Venky knew of Shyam’s expertise in repairing temple furniture and musical instruments. The Mridanga is a two sided drum played during the kirtans, to enhance the music and dance. Shyam also deftly played it with his palms and fingers of both hands. A major part of the monks’ Bhakti yoga practices included devotional music and various instruments needed timely attention and repair. And Shyam’s favorite place to work was the solitary space behind the Vyasasan– a raised seat on which a senior member of the ashram sat while giving class from the scriptures in the early morning. Later during the day, the upholstered seat stood alone and Shyam found the space between the wall and the Vyasasan an ideal place for work, prayers and private meetings.
Around 5.00 pm Venky saw a group of monks laughing aloud at the aisle of the ashram. Shyam was at the center, entertaining the others. As Venky hurried to the crowd, Shyam exclaimed, clapping his hand on Venky’s palms, “You know what I saw just now” Others laughed again.
“I was sitting behind the Vyasasan, repairing the mridanga, and there was no one in the hall except me. The temple had just opened for the evening darsan. Through the thin gaps I saw a young couple enter the hall and stand nervously in front of the deities. They repeatedly looked around, screening the hall, and I guess they deduced nobody was there. Little did they know I was watching their nervous faces through the designed wooden curves of the seat.
“Convinced there was no one indeed, the young boy picked up his huge plastic bag, opened it and pulled out a heavy rose garland and handed it to the girl. Then he pulled out another one and dropped the bag on the ground. With the decorative wreath on their hands, both of them surveyed the temple hall, eyeing suspiciously the doors and the windows. Then in an instant, he placed his garland on her neck as she bent low to accept it. Then she put her garland on him. Like chickens in a typical village look around fearing a dog or a cat as they busy themselves scratching the soil for insects and seeds, similarly this poor couple was shit sacred that somebody’s going to hunt them down. I sat still, gazing at them, not wanting to miss a single moment.
“He pulled out a steel container from his right pocket, it had red vermilion. Then he gently applied it on the parting of her hair; she was now his wife!! From his left pocket he pulled out a cloth, and removed a black necklace strung on a yellow thread.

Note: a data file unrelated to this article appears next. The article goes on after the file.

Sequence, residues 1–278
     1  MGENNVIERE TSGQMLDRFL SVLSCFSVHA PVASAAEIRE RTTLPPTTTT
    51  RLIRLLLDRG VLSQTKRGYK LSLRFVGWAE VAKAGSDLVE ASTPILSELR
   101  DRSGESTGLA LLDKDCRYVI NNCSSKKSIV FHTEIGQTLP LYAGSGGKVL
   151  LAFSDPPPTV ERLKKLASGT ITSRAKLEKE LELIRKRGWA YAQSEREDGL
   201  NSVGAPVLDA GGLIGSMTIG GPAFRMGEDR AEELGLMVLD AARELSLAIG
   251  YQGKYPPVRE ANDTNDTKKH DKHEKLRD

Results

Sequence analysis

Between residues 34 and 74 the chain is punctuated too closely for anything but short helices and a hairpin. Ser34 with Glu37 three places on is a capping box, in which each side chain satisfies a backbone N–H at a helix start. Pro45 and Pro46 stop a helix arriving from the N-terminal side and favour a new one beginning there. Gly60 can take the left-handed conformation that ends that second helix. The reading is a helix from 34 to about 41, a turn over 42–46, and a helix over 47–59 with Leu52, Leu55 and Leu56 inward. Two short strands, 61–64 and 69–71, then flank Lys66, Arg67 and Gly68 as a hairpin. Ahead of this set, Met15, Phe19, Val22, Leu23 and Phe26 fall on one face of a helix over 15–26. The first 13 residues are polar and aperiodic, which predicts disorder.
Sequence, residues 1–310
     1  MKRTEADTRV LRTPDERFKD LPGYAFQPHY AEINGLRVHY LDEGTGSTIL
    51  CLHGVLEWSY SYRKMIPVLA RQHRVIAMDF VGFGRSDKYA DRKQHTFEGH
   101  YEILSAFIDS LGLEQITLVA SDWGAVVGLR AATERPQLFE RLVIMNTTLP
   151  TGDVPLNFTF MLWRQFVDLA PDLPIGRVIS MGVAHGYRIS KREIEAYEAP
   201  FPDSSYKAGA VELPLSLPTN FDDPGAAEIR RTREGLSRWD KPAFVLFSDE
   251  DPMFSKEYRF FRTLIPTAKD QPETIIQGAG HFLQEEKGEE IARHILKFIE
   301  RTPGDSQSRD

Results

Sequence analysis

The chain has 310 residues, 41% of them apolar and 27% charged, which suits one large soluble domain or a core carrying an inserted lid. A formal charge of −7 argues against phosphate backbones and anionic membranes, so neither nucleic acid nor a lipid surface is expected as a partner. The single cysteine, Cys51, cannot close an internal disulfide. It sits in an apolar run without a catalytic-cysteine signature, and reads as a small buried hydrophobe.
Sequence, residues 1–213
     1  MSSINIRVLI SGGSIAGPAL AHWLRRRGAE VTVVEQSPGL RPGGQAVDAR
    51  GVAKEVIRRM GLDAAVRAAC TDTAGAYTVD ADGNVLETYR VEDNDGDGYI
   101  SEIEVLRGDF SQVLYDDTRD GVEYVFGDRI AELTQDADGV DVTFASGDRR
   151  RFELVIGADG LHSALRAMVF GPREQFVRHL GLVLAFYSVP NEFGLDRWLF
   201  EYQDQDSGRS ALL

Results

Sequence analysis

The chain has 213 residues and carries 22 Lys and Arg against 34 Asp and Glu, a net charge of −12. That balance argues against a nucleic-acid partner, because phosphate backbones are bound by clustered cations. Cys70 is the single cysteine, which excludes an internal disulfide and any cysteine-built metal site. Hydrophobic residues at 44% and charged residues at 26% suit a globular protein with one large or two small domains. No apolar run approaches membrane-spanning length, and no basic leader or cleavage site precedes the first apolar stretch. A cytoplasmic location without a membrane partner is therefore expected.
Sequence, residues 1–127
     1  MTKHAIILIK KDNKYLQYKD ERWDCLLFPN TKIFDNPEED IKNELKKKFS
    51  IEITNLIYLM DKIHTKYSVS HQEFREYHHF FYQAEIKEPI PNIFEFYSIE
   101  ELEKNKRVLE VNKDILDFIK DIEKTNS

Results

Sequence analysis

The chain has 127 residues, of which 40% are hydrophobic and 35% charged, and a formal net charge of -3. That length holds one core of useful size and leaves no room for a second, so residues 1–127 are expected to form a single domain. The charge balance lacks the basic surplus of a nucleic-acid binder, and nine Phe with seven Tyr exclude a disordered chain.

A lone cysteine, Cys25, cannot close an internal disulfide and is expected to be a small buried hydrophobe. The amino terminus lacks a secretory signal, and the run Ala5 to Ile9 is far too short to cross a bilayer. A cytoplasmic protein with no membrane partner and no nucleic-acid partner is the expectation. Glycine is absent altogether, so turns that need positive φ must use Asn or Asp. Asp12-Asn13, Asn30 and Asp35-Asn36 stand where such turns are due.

“I have seen my mother wear it; that’s the mangal sutra” said Venky
“And so it is”, Shyam said. “The groom then tied it around the bride’s neck and thus the most integral part of the Hindu marriage ceremony was now complete. Both of them immediately fell on their knees, offered obeisances to the Lord in the altar, rose quickly, removed their garlands and put it back inside the bag. Then they stood a little away from each other as if nothing had happened moments ago. They closed their eyes and with folded palms, made a desperate supplication; intensely praying for almost ten minutes. I was in splits; it was an instant Hindu marriage; amazing and no one knew it except the merciful Lord on the temple altar and a snoopy monk who saw a wedding after many years.
“Slowly other people came in for their temple rituals and auspicious sighting of the deities. Meanwhile the newly married couple opened their eyes, and slowly walked to the exit of the temple. I too left my mrdanga and walked to the door where we hand a little of Prasad to the guests as they leave the temple hall. I now saw them closely; their eyes weren’t beaming with the joy of a sacred bonding. Rather it was a relieved visage that acknowledged my greetings. I smiled and handed them each a little coconut sweet ball. But my mischievous instinct got the better of me. I looked straight into their eyes and impassively said, “Congratulations on your marriage. The Lord’s blessings are surely with you”. You should have seen that sight”
Again a loud laughter attracted more monks and they nudged forward to be part of this entertainment. Shyam was in his elements, “They were shocked. I saw their lower jaws drop, and then they immediately composed themselves, slipping a nervous smile, and a half-hearted thank you. They fled”
Amidst the loud laughter, one of the monks commented how young couples falling in love are desperate to get married secretly when their conservative parents oppose the match. They are influenced by the Bollywood movies that script out one romantic saga after another. Then another said something about the Bollywood movies, someone else interjected with his wisdom on what ails the youth of the country. And so it went on.
Venky held Shyam’s hand and pulled him aside as others were now lost in their own gossip world.
“You know something is not funny in the ashram right now?”
To be continued…